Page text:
To calm my soul/mind, I study jazz at Seattle’s marvelous Jazz Night School. I’ve taken combo classes there since 2017. At the end of each quarter we get to perform at the nearby Royal Room (co-owner Wayne Horvitz)–I’ve been lucky to face my performance fears there at least a dozen times now and have another performance coming up end of this week. =8:0 I’m also just starting to hit local jam sessions that are beginner friendly–luckily, there are options here.
What a great place PianoGroove is-- I think I’m already working on a jillion courses simultaneously after having enrolled a couple of weeks ago. Because of relentless Seattle rent increases I can no longer afford the luxury of weekly in-person piano lessons at JNS so I’m thrilled to find this rich, deep site to help me carry on with my studies. Thanks for being here!
Welcome Rebecca! Very glad to have you here.
As you’ve studied jazz previously with an in-person teacher I imagine you will have all of the foundations in place to dive straight into any of the material on the site.
If there are any topics you are particularly interested in let me know and I can try to suggest some specific lessons and courses for you.
And yes Seattle is a wonderful city for jazz music with lots of jazz clubs and jam nights to attend! We have a number of students from Seattle and surrounding areas, and also 2 of our teachers - Jovino and Steve - are Seattle-based.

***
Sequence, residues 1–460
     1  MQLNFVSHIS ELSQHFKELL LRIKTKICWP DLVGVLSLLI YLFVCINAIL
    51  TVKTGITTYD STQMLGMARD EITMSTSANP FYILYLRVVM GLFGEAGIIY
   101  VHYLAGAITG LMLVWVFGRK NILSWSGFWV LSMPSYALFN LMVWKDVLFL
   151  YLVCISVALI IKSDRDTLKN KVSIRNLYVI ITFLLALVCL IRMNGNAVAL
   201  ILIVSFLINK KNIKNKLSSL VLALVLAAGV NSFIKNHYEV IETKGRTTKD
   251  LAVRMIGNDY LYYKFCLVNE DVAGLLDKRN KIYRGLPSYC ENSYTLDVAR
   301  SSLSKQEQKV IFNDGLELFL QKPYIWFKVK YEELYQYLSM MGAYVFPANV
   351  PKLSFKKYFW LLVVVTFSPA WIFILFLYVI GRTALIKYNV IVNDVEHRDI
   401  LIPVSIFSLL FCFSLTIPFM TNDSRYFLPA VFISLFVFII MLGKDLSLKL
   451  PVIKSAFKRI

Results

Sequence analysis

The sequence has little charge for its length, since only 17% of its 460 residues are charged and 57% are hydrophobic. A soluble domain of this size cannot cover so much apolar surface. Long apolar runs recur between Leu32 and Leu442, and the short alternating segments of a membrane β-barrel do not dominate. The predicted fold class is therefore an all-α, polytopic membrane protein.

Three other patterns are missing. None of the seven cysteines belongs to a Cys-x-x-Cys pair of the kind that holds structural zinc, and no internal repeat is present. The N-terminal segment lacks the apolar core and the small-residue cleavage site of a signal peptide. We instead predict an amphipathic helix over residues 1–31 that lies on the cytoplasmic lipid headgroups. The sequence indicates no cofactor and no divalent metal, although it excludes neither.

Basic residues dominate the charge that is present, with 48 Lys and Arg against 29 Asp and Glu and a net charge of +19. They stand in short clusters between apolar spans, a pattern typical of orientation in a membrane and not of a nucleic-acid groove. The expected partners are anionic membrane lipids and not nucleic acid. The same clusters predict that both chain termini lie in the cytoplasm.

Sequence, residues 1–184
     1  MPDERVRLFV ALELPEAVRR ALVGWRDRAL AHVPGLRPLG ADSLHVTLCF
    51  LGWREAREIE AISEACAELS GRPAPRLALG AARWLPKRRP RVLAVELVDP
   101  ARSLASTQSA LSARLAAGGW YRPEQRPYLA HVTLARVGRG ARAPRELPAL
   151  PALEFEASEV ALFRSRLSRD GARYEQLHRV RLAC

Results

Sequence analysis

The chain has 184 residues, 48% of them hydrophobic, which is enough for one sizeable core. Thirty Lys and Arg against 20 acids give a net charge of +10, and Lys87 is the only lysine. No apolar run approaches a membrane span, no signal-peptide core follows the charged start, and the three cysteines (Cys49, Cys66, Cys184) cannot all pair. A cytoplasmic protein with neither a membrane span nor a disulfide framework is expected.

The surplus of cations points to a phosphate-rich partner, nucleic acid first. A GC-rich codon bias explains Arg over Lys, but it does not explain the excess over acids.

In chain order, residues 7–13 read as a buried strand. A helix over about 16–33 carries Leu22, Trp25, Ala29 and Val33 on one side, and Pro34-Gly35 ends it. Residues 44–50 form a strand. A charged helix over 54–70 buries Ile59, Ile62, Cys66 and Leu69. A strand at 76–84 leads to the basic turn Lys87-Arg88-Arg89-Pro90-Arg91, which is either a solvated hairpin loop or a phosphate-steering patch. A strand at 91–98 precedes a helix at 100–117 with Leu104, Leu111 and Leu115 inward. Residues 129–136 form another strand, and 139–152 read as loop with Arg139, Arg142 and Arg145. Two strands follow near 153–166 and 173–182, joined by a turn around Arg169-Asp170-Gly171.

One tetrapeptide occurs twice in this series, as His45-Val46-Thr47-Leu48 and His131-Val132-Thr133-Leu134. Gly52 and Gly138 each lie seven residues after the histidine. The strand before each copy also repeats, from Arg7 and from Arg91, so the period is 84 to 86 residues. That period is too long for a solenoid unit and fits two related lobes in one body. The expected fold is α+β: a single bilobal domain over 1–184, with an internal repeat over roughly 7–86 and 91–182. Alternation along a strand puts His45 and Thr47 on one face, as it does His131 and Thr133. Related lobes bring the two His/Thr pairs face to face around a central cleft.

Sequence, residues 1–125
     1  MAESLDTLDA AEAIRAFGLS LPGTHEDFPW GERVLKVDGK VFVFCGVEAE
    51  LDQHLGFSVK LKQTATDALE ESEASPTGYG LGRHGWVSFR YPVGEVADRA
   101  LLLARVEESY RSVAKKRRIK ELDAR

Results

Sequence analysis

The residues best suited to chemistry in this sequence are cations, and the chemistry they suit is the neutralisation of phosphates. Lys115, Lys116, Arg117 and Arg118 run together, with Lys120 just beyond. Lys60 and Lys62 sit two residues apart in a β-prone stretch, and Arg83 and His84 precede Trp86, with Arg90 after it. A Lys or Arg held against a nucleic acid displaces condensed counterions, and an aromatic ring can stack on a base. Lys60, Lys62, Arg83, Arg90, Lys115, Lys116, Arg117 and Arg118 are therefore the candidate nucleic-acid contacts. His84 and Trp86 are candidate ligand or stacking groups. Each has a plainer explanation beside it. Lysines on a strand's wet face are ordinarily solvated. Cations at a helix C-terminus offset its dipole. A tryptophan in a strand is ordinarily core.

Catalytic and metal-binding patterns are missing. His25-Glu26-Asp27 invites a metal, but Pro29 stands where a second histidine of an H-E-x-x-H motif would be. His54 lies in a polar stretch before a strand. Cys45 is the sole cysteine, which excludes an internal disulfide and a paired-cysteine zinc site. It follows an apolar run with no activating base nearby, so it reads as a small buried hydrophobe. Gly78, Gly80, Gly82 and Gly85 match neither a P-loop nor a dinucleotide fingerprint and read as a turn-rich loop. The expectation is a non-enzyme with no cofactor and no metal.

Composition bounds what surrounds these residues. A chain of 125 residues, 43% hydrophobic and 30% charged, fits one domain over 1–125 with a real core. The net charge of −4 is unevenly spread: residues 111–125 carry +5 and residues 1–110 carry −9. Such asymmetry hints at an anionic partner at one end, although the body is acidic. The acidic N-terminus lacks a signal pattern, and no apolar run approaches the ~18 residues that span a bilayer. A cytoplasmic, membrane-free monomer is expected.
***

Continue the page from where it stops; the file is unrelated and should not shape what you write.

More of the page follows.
Enjoy the lessons and any questions let us know
I’m Arun George from Toronto, Canada, a long-time aficionado of Jazz, classical, the piano, robust peaty single malts, books, landscape and wild life photography (anyone so inclined is welcome to check these out at:
By profession, I am a chartered accountant (not everyone’s perfect!) so clearly the creative side in me comes through with my passion for the finer things in life and thankfully not creative accounting! While the piano has forever been the instrument I most enjoy listening to, sadly, I never did get to any level of accomplished playing of it. Did take some music lessons up to grade 4 with the Royal Conservatory several years back but life got in the way. Now, at 64 as I get closer to retirement, exercising the mind in once again taking up the piano is as good a plan as any
Jazz is mostly what I listen to and the music of Oscar Peterson, Louis Armstrong, Billie Holiday, Ella Fitzgerald, Herbie Hancock, Duke Ellington, Miles Davis, Dave Brubeck, Chick Correa… oh the list goes on, can be therapeutic, to say the least. And a few years back I stumbled on a young prodigy, Joey Alexander who positively shines on the keyboard with interpretations that belie his age and then some. So, with all the delight that comes from listening to jazz and my long time yearning to play the piano, there’s a spanking new piano at home waiting to be played and here I am challenging myself to do just that – hey, life’s too short, so why not, right? My online searches eventually led me to PianoGroove so I’d like to see where this will lead me in turn. My goal is singular and clear, play just for the joy of playing, while playing well enough that it remains so. It’s also true that nothing good comes easy and it takes practice and lots of it – the key is staying motivated and perhaps here’s where I will find it, time will tell. In the meanwhile, glad to be part of this group and thanks for having me. In closing though, Hayden, I’ve got to say, you’ve done brilliantly in envisioning and building this platform that’s an expression of your passion for music and jazz – Bravo!